The Green Bay Packers had their first 1,000-yard rusher in five years in 2019 when Aaron Jones gained 1,084 yards. Still, the Pack drafted running back A.J. Dillion in the second round of this year’s NFL Draft. With reliable backup Jamaal Williams returning as well, how will the Packers divide the playing time at the running back position?
The Packers roster has talent and depth at this position entering training camp.
Here is an early look at Green Bay’s projected plan at running back for 2020:
1. Starter: Aaron Jones
Aaron Jones is in the last year of his current contract, but he remains the Packers starter and most explosive back.
Last season, Jones got roughly two-thirds of the rushing attempts by running backs and had the most productive season of his career. He gained 1,084 rushing yards and scored 16 rushing touchdowns while finishing second on the team with 49 catches for 474 yards and three more scores. His strong 4.6-yard average per carry was the lowest of his career.
Jones is a threat to score any time he touches the football. He is a quick, one-cut runner who can get to the edge and is dangerous in space.
Durability has been a question for Jones over the course of his career. 2019 was the first time Jones played all 16 games in a season although he has never played fewer than 12 contests.
Jones has worked hard to improve his receiving and pass blocking which limited his playing time early in his career.
Assuming he can remain healthy, Jones will remain the Packers primary back. His contract is up after this season so he has every incentive to have a monster campaign in 2020. Expect the percentage of carries he gets to go down slightly because of the addition of Dillon to the mix, but Jones will be a star again this season and the centerpiece of the Green Bay rushing attack.
2. Jamaal Williams
Like Jones, Williams is entering his fourth NFL season and is in the final year of his rookie deal. He was the Packers primary backup runner in 2019, gaining 460 yards on 107 carries and scoring one touchdown rushing while catching 39 passes for 253 yards and tying for the team lead with five touchdown passes.
Williams is a very smart, hard-working player and is very coachable. He is always in the right place at the right time, knows his assignments and gets the job done. He is more of an inside runner than Jones and has some of his best games when the field conditions are wet or sloppy.
He also remains the Packers best pass blocking running back and a good receiver which means he will see the field a lot on third downs.
Williams is unlikely to see as many carries this season as he had a year ago. Dillon is likely to take away some of his workload as an inside runner as soon as his blocking and receiving skills are up to speed.
Still, barring injury, look for Williams to remain the Packers second option as a running back who will get roughly 20-25 percent of the team’s carries.
3. A.J. Dillon
The second-round pick out of Boston College is a big load at 6’0” and 247-pounds. He was a workhorse back at Boston College, carrying the ball 845 times in his three seasons.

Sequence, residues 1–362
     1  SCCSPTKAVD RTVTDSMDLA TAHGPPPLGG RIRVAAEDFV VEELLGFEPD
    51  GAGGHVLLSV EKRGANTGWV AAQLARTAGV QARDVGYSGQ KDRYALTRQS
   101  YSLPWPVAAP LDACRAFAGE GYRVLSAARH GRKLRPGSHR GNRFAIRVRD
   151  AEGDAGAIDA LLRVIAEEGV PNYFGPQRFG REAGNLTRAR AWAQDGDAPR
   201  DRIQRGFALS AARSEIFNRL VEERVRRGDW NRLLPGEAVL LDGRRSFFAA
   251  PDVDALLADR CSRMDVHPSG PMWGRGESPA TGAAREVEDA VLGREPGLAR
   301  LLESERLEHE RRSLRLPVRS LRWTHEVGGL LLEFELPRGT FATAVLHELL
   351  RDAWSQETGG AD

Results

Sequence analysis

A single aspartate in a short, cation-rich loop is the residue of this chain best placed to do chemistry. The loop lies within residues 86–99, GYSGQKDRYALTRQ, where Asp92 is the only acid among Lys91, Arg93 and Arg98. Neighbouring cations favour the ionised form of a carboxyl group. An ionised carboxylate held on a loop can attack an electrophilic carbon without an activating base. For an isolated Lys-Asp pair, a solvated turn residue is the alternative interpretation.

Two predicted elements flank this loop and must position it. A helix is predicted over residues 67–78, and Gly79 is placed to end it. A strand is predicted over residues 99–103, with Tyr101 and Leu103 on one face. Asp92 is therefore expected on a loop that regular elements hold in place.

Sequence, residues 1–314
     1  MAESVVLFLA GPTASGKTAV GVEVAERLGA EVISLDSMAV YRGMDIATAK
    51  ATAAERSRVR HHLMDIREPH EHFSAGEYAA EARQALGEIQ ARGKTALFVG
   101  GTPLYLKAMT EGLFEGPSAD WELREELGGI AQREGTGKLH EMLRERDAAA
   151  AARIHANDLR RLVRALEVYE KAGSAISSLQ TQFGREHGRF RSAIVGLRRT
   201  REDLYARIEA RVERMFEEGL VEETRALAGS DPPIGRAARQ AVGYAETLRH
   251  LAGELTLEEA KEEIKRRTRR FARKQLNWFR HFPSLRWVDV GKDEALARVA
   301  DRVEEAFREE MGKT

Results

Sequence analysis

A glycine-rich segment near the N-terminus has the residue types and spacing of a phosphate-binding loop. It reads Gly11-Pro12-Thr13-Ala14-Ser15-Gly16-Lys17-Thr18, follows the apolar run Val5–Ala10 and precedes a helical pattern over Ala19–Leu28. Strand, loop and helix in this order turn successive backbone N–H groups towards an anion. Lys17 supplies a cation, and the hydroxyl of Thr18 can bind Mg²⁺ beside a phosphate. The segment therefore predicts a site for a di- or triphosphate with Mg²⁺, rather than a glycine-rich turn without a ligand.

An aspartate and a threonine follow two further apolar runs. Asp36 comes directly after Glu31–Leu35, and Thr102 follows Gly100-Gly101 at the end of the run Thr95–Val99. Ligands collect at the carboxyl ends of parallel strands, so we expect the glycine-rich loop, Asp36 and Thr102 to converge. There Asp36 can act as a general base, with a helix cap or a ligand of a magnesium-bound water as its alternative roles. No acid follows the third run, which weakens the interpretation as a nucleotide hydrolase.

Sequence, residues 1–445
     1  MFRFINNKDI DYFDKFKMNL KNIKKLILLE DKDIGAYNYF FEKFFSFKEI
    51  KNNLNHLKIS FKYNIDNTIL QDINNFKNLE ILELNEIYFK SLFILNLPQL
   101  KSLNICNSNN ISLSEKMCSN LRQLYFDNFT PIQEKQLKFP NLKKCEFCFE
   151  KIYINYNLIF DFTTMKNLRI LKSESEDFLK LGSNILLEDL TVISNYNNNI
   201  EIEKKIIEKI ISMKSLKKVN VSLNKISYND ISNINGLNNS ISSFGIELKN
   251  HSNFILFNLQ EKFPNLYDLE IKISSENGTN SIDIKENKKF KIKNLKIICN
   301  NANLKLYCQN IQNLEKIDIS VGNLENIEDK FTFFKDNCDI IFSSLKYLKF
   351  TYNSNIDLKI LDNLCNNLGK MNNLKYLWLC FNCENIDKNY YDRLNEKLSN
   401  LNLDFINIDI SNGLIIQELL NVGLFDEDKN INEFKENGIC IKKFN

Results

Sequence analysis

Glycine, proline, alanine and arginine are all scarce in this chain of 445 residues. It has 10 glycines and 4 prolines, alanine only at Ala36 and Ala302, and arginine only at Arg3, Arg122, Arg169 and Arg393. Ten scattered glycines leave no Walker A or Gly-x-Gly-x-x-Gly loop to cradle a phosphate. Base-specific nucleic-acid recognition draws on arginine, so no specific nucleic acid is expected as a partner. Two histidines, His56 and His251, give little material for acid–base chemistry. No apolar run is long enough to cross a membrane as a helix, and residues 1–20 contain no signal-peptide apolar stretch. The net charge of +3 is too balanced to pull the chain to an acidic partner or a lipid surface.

Scouts view Dillon as a poor man’s Derrick Henry, a back who Matt LaFleur featured when he was the offensive coordinator with the Titans.
The big question with Dillon is how quickly can he pick up the non-running parts of the game? Can he pass block well enough to stay in the lineup on passing downs? Is he a good enough receiver to be a weapon out of the backfield? He didn’t get too many chances to catch the football in college so that question remains an unknown.
Look for Dillon to take carries away from Williams and end up a close third on the team in carries. How well he does the little things and how quickly he picks up the offense will determine how much work he gets as a rookie.
4. Tyler Ervin
Ervin was signed by the Packers in early December and played the final four games of the season for the Pack and in their two playoff games.
Ervin’s primary role will be on special teams, returning punts and kickoffs. If he doesn’t win that job in training camp, he is unlikely to make the team.
If he does win that job, however, he will likely see the field on a handful of plays each week to run gadget plays. Ervin’s speed and elusiveness make him a weapon on draw plays, jet sweeps, shovel passes and other trick plays. He can pick up extra yards once he gets into space because of his speed and ability to change directions quickly.
Expect Ervin to average a couple of touches per game if he makes the team. While he may not touch the ball often, a few of his plays could very well be memorable.
5. Dexter Williams
Dexter Williams showed some flashes in the preseason but his inability to pass block and run precise routes kept the coaching staff from playing him once the regular season started. The former Notre Dame star was on the field for 10 offensive plays all season, carrying the ball five times for 11 yards.
Barring injury or a big improvement in those other areas, Dexter Williams will have a fight on his hands to make the roster in 2020.
6. Patrick Taylor and Damarea Crockett
Taylor and Crockett were signed as undrafted free agents by the Packers. Taylor was a standout at Memphis. He’s coming off an injury that limited him in 2019 but if he can regain his earlier form and shows he can contribute on special teams, he may have a chance to stick on the roster or practice squad.
Crockett was signed to the Packers practice squad last October after spending time with the Texans in training camp last season and on the Raiders practice squad. Like Taylor, Crockett will need to show he can contribute on special teams to have a chance to say on the roster or practice squad.
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